Which stock markets look ‘cheap’ after the rapid rebound?
Which stock markets look ‘cheap’ after the rapid rebound?
Despite everything that 2020 has thrown at it, at one stage the US stock market was up for the year overall. Other markets had also regained a lot of lost ground. This has occurred while corporate earnings are falling, forecasts are being slashed, and dividends are being cut.
Things look a little better after markets fell heavily recently. However, with the “cheapness” that was in abundance earlier in the year all but evaporated, to be positive on equities from here you really need to rely on the view that the post-lockdown recovery is sustainable.
How do current valuations compare with history?
The table below shows a number of valuation indicators compared with their average (median) of the past 15 years, across five different regional equity markets. Figures are shown on a rounded basis, with the shading indicating the degree of expensiveness or cheapness compared with the 15-year average.
A disconnect with the economy and corporate fundamentals?
It is true that the economy and the stock market are not the same thing, as we have written before. Just because the economy is going into a nosedive does not mean that the stock market will do likewise. For one thing, share prices are forward looking, taking account of what is expected for years to come, not just the here and now.
Nonetheless, the incongruity we are seeing, with share prices rising while every measure of corporate health you care to look at is worsening, is really something.
This can be seen in the chart below, which shows how various indicators of corporate health which matter to stock market investors have changed since markets bottomed on 23 March.
Even if we look further out, to the end of 2022, US, European and UK earnings are forecast to be around 10-15% lower than was the case on 23 March. It is hard to view this as anything other than a very “frothy” market environment.
Stocks may be expensive but so is everything else
So, what could this mean for investors? Cash rates are next to nothing and the long-term return prospects from bonds at current yields remain well below what investors would have got in the past. This leaves investors in a bit of a quandary. Stocks may look expensive, but so does everything else.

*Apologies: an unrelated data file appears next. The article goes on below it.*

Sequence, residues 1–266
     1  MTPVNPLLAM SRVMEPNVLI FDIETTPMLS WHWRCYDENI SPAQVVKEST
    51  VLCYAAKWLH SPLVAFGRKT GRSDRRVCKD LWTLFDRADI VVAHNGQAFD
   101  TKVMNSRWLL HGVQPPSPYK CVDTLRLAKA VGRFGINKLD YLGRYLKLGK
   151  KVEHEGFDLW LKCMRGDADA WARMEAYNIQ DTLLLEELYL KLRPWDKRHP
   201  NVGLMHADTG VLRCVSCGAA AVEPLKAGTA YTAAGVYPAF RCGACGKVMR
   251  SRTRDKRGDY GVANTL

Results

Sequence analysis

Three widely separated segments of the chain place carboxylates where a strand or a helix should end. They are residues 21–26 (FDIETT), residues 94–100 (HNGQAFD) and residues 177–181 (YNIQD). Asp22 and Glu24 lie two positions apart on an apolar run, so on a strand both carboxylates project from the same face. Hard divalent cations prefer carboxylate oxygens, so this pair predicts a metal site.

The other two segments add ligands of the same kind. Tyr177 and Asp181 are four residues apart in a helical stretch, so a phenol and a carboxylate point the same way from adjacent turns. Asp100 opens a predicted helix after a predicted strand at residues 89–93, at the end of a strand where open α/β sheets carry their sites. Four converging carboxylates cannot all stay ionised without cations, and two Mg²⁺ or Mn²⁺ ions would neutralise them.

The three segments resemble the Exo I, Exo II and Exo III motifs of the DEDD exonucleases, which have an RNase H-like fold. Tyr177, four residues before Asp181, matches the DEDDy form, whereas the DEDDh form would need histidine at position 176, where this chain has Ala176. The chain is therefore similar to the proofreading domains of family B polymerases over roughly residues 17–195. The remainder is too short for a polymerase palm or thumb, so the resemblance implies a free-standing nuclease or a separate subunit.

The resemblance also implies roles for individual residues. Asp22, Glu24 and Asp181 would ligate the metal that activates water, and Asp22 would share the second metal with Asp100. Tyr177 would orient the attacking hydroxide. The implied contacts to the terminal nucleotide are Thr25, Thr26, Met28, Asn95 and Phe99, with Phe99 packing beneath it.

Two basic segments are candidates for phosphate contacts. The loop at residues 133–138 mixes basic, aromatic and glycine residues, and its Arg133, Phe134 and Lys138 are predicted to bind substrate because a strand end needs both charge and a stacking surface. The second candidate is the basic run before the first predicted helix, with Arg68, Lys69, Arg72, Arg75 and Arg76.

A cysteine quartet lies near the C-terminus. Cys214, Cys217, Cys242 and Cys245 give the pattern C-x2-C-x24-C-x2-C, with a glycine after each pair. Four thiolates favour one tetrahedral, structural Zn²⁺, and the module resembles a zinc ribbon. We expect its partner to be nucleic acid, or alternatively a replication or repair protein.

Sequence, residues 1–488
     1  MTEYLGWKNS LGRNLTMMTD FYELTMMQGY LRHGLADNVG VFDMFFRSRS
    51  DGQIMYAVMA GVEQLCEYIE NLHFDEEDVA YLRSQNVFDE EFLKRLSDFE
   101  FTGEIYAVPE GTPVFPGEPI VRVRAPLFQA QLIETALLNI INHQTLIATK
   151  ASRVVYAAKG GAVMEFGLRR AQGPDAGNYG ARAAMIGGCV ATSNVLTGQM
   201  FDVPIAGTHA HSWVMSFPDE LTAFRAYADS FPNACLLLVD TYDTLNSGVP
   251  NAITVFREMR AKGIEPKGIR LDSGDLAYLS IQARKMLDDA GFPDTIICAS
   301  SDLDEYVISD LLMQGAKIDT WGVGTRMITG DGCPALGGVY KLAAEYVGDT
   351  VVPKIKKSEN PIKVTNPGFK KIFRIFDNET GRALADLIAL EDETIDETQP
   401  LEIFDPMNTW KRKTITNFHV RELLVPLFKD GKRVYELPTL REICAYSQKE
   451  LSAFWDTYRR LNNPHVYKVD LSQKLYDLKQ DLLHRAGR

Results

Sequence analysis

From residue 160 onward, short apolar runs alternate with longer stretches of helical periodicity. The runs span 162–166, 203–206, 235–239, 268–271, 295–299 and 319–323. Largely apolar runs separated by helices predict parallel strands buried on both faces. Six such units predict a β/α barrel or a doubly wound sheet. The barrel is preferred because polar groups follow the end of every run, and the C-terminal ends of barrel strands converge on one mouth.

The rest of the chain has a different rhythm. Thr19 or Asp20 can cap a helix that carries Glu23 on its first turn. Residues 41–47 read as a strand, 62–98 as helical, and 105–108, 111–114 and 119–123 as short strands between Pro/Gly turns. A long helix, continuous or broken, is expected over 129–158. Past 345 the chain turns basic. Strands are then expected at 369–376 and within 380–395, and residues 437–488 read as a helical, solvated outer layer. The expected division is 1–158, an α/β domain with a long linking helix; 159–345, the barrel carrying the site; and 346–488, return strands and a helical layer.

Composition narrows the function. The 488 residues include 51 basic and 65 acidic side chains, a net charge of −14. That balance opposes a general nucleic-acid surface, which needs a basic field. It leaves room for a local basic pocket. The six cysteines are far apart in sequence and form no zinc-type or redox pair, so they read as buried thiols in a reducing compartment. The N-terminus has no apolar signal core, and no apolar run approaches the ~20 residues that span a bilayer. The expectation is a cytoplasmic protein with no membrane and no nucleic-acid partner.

In fact, when you compare the relative value of global stock markets with other asset classes like bonds, they offer pretty decent value. In practical terms, expected returns for all asset classes are below historical norms but the additional premium available from stocks over cash or bonds remains attractive (although it is important to note stocks are generally seen as a ‘higher risk’ investment).
Diversification can help navigate uncertainty
In relative valuation terms, the US stands out as being the most expensive stock market. However, this is a title that it has held for the past decade without it being a barrier to its outperformance.
Non-US markets appear cheaper but come with additional risks – Europe is plagued by low growth and tensions within the Eurozone; the UK market is exposed to movements in commodity prices; Japan is a serial underperformer; and emerging markets are vulnerable to a combination of slowing commodity demand and weaker growth in China.
Diversification is one of the tools longer-term investors can use to navigate this uncertainty.
A few general rules
Investors should beware the temptation to simply compare a valuation metric for one region with that of another. Differences in accounting standards and the makeup of different stock markets mean that some always trade on more expensive valuations than others.
For example, technology stocks are more expensive than some other sectors because of their relatively high growth prospects. A market with sizeable exposure to the technology sector, such as the US, will therefore trade on a more expensive valuation than somewhere like Europe.
When assessing value across markets, we need to set a level playing field to overcome this issue. One way to do this is to assess if each market is more expensive or cheaper than it has been historically. If you are unsure as to your investments, speak to a financial adviser.
Any security(s) mentioned above is for illustrative purpose only, not a recommendation to invest or divest.
This document is intended to be for information purposes only and it is not intended as promotional material in any respect. The views and opinions contained herein are those of the author(s), and do not necessarily represent views expressed or reflected in other Schroders communications, strategies or funds. The material is not intended to provide, and should not be relied on for investment advice or recommendation. Opinions stated are matters of judgment, which may change. Information herein is believed to be reliable, but Schroder Investment Management (Hong Kong) Limited does not warrant its completeness or accuracy.
Investment involves risks. Past performance and any forecasts are not necessarily a guide to future or likely performance. You should remember that the value of investments can go down as well as up and is not guaranteed. Exchange rate changes may cause the value of the overseas investments to rise or fall. For risks associated with investment in securities in emerging and less developed markets, please refer to the relevant offering document.
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